Our psychology and biology play a role in what we believe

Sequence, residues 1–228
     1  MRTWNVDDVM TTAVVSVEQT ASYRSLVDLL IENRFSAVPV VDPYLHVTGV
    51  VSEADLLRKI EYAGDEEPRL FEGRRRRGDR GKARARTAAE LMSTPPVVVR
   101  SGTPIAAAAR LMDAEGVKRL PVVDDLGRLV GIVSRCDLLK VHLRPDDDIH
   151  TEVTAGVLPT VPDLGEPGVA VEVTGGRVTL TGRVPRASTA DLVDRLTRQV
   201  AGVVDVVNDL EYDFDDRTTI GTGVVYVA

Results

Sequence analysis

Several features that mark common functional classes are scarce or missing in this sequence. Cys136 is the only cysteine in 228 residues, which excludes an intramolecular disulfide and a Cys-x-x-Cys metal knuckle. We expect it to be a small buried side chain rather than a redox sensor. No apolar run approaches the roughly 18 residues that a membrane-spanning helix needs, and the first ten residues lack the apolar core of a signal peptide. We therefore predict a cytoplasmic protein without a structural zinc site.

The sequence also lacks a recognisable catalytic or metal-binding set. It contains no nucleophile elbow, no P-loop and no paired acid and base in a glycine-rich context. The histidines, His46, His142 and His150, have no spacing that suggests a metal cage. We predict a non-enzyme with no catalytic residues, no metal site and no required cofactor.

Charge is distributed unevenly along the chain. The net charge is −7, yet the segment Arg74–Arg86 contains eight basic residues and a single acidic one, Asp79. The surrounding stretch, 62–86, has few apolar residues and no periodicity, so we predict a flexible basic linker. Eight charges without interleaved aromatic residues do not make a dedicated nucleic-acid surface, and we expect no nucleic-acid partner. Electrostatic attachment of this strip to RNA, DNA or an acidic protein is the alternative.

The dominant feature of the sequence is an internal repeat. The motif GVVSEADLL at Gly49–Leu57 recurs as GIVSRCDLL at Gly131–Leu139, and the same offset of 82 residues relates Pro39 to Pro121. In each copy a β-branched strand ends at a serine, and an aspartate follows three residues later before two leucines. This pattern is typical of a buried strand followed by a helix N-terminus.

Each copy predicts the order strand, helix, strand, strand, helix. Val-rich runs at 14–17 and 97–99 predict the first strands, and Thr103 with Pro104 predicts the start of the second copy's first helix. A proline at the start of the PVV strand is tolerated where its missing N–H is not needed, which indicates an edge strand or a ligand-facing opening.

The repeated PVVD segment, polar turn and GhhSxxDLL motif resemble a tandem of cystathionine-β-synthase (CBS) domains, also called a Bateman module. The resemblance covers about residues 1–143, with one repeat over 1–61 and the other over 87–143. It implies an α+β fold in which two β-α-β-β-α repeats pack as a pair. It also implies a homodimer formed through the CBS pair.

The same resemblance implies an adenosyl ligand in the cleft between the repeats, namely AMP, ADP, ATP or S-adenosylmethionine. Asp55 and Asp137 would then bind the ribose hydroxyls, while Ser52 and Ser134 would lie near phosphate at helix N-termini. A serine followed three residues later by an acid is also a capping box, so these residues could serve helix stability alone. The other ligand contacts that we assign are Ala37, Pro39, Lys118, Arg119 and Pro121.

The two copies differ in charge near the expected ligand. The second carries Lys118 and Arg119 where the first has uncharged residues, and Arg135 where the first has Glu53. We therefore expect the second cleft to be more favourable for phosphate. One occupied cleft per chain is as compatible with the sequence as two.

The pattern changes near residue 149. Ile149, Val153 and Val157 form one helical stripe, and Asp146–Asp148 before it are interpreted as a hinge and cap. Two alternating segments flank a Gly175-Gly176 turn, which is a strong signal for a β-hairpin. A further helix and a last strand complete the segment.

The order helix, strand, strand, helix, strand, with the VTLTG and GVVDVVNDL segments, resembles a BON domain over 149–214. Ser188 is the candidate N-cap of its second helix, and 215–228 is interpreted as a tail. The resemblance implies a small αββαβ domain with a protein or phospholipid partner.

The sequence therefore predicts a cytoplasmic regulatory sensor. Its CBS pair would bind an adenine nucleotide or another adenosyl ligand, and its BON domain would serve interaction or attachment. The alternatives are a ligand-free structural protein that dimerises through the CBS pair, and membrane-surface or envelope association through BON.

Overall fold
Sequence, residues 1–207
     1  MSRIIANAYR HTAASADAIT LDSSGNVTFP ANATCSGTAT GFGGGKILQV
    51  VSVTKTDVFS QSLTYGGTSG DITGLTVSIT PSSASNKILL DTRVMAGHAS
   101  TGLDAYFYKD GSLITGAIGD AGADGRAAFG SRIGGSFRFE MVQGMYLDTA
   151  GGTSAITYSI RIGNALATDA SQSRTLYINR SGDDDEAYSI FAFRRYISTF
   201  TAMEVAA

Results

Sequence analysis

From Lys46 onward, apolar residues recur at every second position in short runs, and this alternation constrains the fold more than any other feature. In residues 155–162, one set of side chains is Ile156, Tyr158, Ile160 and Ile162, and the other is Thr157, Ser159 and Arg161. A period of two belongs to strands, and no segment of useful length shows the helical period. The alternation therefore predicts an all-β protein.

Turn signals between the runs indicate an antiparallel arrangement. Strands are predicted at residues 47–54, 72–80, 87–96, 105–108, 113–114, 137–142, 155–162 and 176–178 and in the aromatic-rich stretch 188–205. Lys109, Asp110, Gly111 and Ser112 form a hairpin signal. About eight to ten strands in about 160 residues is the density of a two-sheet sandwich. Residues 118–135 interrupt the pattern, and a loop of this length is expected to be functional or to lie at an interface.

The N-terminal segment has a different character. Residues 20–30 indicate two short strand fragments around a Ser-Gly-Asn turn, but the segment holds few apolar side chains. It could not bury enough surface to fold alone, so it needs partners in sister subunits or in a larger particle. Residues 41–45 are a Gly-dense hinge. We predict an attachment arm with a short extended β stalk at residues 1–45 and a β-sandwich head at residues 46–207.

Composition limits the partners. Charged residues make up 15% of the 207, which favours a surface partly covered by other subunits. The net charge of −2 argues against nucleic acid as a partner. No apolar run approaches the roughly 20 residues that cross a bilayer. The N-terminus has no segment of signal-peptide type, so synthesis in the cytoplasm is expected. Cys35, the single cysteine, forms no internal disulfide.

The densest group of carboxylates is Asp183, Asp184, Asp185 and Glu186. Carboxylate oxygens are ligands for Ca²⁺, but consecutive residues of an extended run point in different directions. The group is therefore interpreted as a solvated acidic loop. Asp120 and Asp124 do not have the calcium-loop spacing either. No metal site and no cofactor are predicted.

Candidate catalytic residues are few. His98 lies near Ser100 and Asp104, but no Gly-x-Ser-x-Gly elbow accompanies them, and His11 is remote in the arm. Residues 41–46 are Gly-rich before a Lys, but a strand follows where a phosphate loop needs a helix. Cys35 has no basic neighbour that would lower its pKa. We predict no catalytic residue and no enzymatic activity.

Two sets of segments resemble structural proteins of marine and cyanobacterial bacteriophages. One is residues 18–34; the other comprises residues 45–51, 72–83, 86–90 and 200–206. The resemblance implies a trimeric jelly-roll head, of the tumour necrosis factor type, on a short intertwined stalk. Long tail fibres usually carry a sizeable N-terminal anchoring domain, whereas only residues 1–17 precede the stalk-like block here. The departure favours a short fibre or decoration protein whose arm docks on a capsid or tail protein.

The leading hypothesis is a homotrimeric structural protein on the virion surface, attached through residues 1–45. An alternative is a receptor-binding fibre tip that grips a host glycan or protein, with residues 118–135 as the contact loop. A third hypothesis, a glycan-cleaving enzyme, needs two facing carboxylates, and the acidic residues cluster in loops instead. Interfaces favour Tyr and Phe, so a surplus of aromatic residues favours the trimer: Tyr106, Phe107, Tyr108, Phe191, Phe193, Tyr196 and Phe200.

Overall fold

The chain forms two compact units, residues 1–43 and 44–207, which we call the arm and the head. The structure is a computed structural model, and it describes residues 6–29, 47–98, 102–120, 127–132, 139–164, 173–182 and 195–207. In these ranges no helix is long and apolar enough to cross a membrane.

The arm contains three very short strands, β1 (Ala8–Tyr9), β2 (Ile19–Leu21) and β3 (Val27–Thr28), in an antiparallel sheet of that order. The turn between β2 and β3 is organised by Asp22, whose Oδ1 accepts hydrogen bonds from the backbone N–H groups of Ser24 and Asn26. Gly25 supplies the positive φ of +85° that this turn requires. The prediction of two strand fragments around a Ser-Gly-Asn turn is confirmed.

Ritual practices and superstitious beliefs lie outside the scope of rational thought, and yet they still maintain a strong hold over people even today. The reasons behind this are couched in psychology and biology. The human brain is wired to seek out patterns and symmetry, meaning it is attracted to things that align (like triangles) and avoids or even is frightened of things that don’t (such as the number 13). Biologically, we are born with certain instincts intended to keep us alive and fed, and over centuries, these reflexes have evolved into unexplainable intuitions. When these two elements are combined and used to make sense of the world, the result is not always the most logical. Usually, superstitions are passed on to us as children, when our minds are still developing and are thus vulnerable to persuasion. Our instinctive need to maintain control and our desire to make things equal, or “perfect,” creates the ideal environment for superstitions to take root and grow in our minds.